Topamax Birth Defect Risk Complicated by Interaction with Birth Control Pills

Women taking <"">Topamax should be aware that its active ingredient, topiramate, may inhibit the effectiveness of birth control pills. It is especially important that women of child-bearing age be aware of this Topamax side effect, due to its association with birth defects, including oral clefts.

Studies have shown that among women who take Topamax and birth control pills, the rate of contraceptive failure could be as high as 7 percent. These studies indicate that drugs like Topamax increase the metabolism of estrogen and progesterone, leading to failure of hormone-based birth control.

Women of child bearing age who take Topamax are advised to use additional forms of birth control to safeguard against birth control pill failure. Forms of non-hormone based birth control that are not affected by Topamax include condoms, copper IUD, sponge or spermicides.

Earlier this year, the U.S. Food & Drug Administration (FDA) moved Topamax from Pregnancy Category C to Pregnancy Category D, after data indicated that women taking the drug in the early months of pregnancy face a higher risk of having a baby with an oral cleft. The Pregnancy Category D designation means that there is positive evidence of human fetal risk based on human data, but potential benefits in pregnant women may outweigh risks in certain situations.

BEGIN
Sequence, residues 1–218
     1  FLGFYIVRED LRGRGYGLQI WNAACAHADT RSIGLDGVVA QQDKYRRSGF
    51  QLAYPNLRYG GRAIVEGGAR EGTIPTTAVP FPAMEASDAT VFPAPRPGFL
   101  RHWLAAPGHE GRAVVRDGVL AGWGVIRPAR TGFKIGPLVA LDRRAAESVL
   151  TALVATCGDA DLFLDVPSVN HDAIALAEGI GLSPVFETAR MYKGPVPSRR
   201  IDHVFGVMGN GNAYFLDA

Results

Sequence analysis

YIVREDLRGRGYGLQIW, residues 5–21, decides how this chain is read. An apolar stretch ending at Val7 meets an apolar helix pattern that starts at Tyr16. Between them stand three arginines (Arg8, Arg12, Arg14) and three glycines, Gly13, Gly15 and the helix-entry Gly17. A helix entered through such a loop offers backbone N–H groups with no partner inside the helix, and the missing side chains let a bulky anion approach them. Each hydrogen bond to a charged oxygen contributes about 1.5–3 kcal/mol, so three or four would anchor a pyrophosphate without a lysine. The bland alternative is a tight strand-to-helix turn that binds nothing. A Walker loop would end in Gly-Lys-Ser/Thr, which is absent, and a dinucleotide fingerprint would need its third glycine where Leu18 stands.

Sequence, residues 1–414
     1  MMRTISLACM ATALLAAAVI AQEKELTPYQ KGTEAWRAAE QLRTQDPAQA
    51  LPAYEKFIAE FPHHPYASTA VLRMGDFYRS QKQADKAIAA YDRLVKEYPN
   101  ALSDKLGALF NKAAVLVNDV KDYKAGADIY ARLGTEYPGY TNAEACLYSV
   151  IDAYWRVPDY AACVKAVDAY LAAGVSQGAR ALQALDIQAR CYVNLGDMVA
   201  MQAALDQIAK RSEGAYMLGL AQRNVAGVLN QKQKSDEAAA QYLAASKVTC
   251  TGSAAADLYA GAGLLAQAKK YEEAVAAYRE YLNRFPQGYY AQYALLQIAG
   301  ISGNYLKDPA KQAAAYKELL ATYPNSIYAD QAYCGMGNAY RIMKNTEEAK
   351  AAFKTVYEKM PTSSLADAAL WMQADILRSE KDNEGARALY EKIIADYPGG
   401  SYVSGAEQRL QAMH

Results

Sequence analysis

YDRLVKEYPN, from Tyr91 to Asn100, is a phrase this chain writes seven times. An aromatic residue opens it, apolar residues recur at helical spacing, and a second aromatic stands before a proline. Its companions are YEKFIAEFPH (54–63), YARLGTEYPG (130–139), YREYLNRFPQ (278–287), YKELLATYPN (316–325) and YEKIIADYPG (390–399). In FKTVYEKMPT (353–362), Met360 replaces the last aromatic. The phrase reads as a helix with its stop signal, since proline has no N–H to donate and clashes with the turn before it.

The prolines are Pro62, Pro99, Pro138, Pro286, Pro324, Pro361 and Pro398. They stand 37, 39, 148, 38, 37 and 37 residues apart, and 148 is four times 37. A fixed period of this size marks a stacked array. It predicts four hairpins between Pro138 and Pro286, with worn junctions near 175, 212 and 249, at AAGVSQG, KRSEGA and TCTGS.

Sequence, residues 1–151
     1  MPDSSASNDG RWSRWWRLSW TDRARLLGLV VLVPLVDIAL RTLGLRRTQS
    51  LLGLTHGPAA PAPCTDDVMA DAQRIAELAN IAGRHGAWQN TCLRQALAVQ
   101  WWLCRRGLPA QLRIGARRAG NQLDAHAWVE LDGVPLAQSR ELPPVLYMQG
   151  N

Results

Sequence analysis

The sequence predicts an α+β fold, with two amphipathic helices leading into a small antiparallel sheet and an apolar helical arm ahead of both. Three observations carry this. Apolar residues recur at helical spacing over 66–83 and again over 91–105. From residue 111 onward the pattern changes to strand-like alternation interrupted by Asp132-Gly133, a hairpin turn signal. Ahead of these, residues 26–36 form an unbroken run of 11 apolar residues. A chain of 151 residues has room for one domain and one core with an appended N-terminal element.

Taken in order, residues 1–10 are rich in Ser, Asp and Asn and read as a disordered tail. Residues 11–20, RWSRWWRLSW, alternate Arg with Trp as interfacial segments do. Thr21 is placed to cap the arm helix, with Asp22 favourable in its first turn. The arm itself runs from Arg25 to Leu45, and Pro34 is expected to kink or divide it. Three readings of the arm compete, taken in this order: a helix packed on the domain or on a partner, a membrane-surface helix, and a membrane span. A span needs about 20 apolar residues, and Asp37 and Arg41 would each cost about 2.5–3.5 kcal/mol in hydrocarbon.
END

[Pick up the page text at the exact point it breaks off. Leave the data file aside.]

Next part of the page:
According to the FDA, data from the North American Antiepileptic Drug (AED) Pregnancy Registry indicated that infants exposed to Topamax as a single therapy during the first trimester of pregnancy experienced a 1.4 percent prevalence of oral clefts, compared with a prevalence of 0.38 percent – 0.55 percent in infants exposed to other antiepileptic drugs. Infants of mothers who did not have epilepsy and were not being treated with other antiepileptic drugs had a prevalence of 0.07 percent.

Oral clefts are birth defects that occur when parts of the lip or palate do not completely fuse together early in the first trimester of pregnancy, a time when many women do not know they are pregnant. They can range from a small notch in the lip to a groove that runs into the roof of the mouth and nose, possibly leading to problems with eating, talking, and to ear infections.

Topamax may also be linked to other birth defects. According to the FDA’s Adverse Event Report database, there have been a total of 244 reports made to the agency of injuries to children believed to be associated with the use of Topamax. Of those, more than 100 involved possible Topamax birth defects, including 29 oral clefts, 29 limb malformations, 27 heart defects, 26 reports of other congenital defects, 23 cranio-facial defects, 15 reports of spina bifida/spinal malformations, and 5 reports of persistent pulmonary hypertension of the newborn (PPHN).

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